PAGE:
Diet-induced thermogenesis in the domestic chicken
Blackman, James R.
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Four experiments were conducted to examine the energetic responses of chicks from lines divergently selected for 56-day body weight to caloric intake. Caloric overconsumption or calorie-protein imbalances were induced by providing glucose solutions (16% w/v) in lieu of water in the first experiment, and by force-feeding the diet to crop capacity in the subsequent trials. Feed restriction was accomplished by providing 75% of ad libitum intake each day. Both low-weight (LN) and high-weight (HN) chicks reduced their voluntary feed intake when glucose solutions were provided; caloric intake was reduced by 25% and 10% in LN and HN chicks, respectively. Weight gain and the deposition of protein and ash in the carcass were reduced by the glucose treatment, but carcass lipid deposition was increased. The efficiency of energy deposition was improved in HN but unchanged in LN chicks. Feed restriction reduced feed intake, energetic efficiency, and gain of body weight, carcass dry matter, protein, lipid and ash. The suppression of lipid deposition was more severe in the LN chicks than in the HNs. Overfeeding of a complete diet increased body weight, the deposition of all carcass constituents, and energetic efficiency. Feed restriction exerted an opposite effect, with the LN chicks exhibiting more pronounced responses than the HNs. Determined metabolizable energy values of the diet differed among feeding treatments and between lines, and line by feeding treatment interactions were observed. Body core and surface temperatures demonstrated that the LN chicks were less able than the HNs to maintain homeothermy under treatments imposed. Heat production tended to be increased by overfeeding and reduced by feed restriction. Metabolic rates were higher in LN than in HN chicks when the chicks were fed ad libitum or subjected to restricted feeding, but not when force-fed. The latter observations were attributed to differences in physical activity. Plasma triiodothyronine (T₃) of LN chicks was increased by force-feeding and reduced by restricted feeding, but no significant differences in plasma T₃ occurred in HNs. Thyroxine (T₄) and the T₃:T₄ ratios were unchanged by feed intake, although LNs exhibited higher plasma T₃ and T₃:T₄ ratios than HNs. Although endocrinological changes to caloric consumption analogous to those observed in mammals occurred, energy balance did not confirm the existence of diet-induced thermogenesis in the fowl.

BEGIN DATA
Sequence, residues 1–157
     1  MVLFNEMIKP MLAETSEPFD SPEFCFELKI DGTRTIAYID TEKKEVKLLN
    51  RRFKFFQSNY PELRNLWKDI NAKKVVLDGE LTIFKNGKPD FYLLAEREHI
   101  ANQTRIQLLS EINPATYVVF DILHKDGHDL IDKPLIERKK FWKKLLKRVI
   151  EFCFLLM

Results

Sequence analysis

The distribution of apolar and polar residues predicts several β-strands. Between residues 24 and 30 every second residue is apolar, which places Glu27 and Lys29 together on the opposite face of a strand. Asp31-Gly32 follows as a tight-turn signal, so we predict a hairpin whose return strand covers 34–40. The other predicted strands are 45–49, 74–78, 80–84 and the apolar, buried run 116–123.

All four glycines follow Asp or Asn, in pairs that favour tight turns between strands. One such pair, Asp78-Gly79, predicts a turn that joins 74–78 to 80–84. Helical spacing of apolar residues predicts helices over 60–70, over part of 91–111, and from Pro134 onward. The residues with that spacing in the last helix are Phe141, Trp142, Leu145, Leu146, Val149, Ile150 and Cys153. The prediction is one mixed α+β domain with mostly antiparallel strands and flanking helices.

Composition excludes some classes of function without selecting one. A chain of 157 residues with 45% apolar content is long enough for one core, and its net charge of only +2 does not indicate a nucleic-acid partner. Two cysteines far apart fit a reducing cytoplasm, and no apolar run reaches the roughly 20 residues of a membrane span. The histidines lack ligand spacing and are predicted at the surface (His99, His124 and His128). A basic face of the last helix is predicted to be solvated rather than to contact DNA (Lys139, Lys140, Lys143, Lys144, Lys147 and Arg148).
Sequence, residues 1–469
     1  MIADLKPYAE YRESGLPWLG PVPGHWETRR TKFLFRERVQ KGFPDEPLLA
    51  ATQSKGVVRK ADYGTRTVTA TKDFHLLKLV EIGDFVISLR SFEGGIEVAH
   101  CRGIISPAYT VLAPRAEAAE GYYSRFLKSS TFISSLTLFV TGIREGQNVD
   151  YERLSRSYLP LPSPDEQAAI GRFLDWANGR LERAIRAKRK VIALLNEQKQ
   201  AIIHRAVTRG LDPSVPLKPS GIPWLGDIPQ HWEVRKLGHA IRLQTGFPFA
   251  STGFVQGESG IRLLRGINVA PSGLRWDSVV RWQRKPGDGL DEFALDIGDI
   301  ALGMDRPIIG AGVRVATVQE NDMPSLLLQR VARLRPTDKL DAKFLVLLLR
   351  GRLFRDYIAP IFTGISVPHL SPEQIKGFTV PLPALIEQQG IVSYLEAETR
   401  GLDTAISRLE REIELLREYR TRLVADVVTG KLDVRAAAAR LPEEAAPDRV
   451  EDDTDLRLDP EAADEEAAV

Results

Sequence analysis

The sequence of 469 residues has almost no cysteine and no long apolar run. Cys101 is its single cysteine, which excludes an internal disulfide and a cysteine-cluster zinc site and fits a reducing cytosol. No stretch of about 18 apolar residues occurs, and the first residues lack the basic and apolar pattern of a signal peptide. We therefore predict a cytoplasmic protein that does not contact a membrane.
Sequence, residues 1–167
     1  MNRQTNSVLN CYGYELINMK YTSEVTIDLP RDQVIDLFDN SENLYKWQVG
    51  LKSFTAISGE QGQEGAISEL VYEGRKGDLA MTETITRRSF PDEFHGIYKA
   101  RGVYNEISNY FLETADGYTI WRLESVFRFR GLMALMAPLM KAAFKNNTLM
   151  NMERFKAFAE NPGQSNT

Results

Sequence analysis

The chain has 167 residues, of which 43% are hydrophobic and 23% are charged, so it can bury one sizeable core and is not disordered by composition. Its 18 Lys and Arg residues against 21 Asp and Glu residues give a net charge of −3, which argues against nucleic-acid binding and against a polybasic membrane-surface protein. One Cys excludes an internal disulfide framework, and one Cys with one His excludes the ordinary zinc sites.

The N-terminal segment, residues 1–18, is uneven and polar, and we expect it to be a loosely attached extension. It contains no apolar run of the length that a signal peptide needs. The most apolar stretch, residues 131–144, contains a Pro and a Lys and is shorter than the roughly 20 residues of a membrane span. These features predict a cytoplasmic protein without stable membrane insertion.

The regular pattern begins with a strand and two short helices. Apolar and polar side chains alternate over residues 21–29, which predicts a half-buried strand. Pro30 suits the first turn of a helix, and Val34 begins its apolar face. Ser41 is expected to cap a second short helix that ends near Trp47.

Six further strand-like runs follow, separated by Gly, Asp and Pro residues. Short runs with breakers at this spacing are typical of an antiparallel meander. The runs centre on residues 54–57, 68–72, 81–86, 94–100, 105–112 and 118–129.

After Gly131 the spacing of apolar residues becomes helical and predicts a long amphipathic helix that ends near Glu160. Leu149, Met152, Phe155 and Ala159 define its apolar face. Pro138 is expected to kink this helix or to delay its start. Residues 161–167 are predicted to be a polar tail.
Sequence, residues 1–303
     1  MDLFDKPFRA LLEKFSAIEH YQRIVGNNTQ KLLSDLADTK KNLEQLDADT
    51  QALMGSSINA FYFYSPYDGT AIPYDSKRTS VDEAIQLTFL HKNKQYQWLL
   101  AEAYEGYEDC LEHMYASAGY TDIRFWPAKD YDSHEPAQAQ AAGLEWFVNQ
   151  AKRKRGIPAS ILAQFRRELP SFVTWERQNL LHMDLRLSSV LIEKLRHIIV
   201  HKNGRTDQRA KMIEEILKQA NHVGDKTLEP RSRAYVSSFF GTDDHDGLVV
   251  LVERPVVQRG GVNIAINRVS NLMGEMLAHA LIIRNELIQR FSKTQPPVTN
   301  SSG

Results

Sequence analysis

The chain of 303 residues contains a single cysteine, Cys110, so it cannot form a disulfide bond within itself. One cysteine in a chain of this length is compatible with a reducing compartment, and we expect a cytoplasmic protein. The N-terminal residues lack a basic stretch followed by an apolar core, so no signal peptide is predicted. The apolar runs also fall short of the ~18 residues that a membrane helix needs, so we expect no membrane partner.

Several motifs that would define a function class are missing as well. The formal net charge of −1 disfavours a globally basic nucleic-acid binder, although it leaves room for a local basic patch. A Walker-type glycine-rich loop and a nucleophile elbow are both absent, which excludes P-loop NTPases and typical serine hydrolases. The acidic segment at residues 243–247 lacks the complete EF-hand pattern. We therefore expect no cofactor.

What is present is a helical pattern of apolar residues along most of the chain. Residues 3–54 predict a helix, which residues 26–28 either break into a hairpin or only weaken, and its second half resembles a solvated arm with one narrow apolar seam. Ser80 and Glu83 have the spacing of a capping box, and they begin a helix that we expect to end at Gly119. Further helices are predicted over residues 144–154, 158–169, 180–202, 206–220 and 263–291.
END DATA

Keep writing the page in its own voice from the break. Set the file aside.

- Doctoral Dissertations